He continues never in the history of energy source transition has the world moved in any substantial or sustainable way from a higher energy density source to a lower density source. Again, he quotes gassing 70% to hydrogen 30% plus all the cost of conversion. In spite of the economic irrationality, a lot of smart people are pushing forward. However, history teaches us that businesses that engage in crony capitalism implementing business decisions handed down by politicians live to regret it. It will be fascinating to observe this green movement over the next decade and a half. With all the associated capital destruction. Russia and China are laughing in utter amazement, and also egging on the west. He also continues, can you help me understand the West determination to cut their energy, economic and geopolitical throats? Can you enlighten me? Let definitely is a loaded question with quite a few assumptions.

And let’s start by addressing the first part of what he says. With the conversion cost for blue and the relative associated costs. Why don’t we just ship gas through well developed infrastructure, use CCUS at the utility stage and get twice as much energy density and skip the double conversion cost and infrastructure build out? Now one thing he may not realize is that he stumbled onto something that a lot of people are actually doing. Companies like Excel plus, Monolith, and Raven, are doing things very similar to this, and that they’re setting up their modular units, where their feedstock material is most accessible, and where it can be quickly deployed. And whether that feedstock is renewable natural gas extracted hydrocarbons, or landfills. Many companies that are developing small modular units are looking more into developing hubs and utilizing the hydrogen nearby versus creating the hydrogen and transporting it somewhere else.

And to his comment about energy density, it is a bit misleading, because if we’re talking about equal temperature and pressure, yes, LNG, ammonia, and DME are all more energy dense than hydrogen. However, per unit mass, there is no element or combination of elements that is more energy dense than hydrogen. And that fact alone is pushing a lot of this forward. He also goes on to call this economic irrationality. But as I’ve just previously mentioned, there are several banks that believe there is a very lucrative future in hydrogen. So why are so many smart people moving forward with this? Well, simple answers technological developments. In just the last two years, we’ve seen a substantial drop in development cost across the board for all types of hydrogen development, and those costs will only continue to decrease. Now, he does make a very interesting point here about crony capitalism, of all the executives that I’ve talked to very few are looking to align politically with anyone. But that can also be considered anecdotal.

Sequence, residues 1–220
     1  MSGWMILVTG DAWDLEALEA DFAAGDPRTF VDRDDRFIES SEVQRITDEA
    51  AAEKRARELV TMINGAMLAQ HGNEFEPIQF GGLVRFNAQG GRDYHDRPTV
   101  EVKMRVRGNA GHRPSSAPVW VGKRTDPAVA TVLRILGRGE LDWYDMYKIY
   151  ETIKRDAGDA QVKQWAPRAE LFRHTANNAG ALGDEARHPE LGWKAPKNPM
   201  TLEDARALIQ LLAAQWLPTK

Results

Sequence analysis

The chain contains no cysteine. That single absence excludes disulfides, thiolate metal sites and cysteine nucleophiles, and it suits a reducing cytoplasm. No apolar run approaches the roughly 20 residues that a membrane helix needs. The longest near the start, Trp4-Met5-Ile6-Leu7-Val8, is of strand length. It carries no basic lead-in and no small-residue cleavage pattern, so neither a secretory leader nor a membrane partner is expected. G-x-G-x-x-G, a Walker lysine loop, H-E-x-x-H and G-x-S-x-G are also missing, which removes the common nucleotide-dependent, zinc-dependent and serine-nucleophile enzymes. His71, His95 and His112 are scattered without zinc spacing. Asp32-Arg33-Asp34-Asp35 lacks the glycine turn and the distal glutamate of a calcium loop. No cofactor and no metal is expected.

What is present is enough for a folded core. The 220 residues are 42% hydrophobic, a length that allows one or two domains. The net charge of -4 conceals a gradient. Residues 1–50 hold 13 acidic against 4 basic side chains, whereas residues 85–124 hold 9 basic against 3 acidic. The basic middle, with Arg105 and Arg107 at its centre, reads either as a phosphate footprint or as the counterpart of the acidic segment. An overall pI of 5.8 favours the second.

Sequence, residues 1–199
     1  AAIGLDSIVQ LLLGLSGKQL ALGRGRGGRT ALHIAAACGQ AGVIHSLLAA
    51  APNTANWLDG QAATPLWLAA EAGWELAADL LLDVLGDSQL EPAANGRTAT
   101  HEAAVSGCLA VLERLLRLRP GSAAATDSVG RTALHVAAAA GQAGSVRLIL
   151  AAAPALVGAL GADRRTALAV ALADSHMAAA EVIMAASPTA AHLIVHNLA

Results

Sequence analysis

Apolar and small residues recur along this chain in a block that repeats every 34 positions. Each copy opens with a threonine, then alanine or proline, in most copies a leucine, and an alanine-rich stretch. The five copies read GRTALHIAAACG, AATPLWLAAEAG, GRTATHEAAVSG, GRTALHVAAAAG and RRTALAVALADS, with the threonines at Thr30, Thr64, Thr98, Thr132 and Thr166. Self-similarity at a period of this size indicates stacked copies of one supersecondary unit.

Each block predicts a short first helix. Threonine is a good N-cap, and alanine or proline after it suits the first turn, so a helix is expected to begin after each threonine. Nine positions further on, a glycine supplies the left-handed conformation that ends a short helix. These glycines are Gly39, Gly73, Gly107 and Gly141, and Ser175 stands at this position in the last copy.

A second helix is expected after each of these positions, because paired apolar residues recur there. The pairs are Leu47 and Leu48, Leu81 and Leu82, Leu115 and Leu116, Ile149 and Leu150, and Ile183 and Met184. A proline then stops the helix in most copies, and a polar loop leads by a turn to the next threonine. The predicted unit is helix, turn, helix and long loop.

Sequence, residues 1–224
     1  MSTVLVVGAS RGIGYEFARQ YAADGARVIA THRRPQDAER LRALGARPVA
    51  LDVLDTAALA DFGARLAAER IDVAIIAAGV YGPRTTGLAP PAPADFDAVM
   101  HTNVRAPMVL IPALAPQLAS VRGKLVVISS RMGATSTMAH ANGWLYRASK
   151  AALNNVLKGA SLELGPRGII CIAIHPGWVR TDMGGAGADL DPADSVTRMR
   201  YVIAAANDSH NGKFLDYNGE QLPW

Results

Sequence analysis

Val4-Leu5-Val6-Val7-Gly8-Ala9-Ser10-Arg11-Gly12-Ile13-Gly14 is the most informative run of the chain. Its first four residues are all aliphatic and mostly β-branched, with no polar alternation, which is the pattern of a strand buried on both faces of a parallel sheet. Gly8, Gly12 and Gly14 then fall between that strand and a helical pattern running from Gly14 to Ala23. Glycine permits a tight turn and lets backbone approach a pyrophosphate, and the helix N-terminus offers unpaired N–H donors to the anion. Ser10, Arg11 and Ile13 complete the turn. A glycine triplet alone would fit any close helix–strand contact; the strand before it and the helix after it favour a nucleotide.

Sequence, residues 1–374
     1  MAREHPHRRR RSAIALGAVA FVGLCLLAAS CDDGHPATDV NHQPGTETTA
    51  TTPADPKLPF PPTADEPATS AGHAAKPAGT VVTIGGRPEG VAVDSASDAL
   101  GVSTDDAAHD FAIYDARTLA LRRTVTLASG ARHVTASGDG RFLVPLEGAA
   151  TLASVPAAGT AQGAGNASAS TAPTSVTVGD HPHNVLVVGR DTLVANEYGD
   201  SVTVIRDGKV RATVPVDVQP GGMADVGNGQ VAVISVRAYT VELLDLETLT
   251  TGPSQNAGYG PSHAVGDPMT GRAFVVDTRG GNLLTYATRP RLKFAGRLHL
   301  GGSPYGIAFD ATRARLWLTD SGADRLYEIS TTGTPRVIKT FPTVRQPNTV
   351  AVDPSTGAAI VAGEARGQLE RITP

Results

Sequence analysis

But I also understand his point, as we look at Europe right now struggling to meet their energy demand. This was as a result of many European nations pulling back from hydrocarbon developed energy sources. As I continue to say, we’re in an energy transition. This is not like a light switch. This is also one of the reasons I like hydrogen so much, is that it can be developed from very clean sources, but it can also be used to clean up historically dirty sources. Now, he ends this segment with Russia and China. And I think it’s a safe bet to say that Russia will never give up on LNG and oil, and China will never give up on coal. But what I also believe is they’re not putting nearly enough r&d into hydrogen when the transition does move further along.

As an example, the technology in the United States right now, and several places in Europe are currently developing hydrogen for under $2, a kilogram that has taken a lot of investment, a lot of research and a lot of development. And I believe in the next 15 years, those industries and countries that utilize and leverage their historical energy production, and continue to transition to new methods will be the most successful and prosperous. And there are some other things to note, I actually know the person who sent this question in. He’s actually a very smart businessman, and a king of Finance. And I believe one of the reasons why he’s so against hydrogen is the risk profile. Right now, investing in hydrogen is very risky.

And the returns probably won’t pay off for at least a decade, at least in any measurable way. But I’ve also noted in the past that some large corporations understand this, and that they also realize that this is going to be a very long transition cycle with several moving pieces. So if you’re an investor looking for a quick turnaround with low risk, hydrogen, isn’t there, at least not now.

Okay, that’s it for me everyone. If you have any questions, comments or concerns about today’s episode, come and visit me at and let me know. I would really love to hear from you. And as always, take care. Stay safe. Talk to you later.

Hey, this is Paul. I hope you’d like this podcast. If you did want to hear more, I’d appreciate it if you would either subscribe to this channel on YouTube, or connect with your favorite platform through my website at Thanks for listening. I very much appreciate it. Have a great day.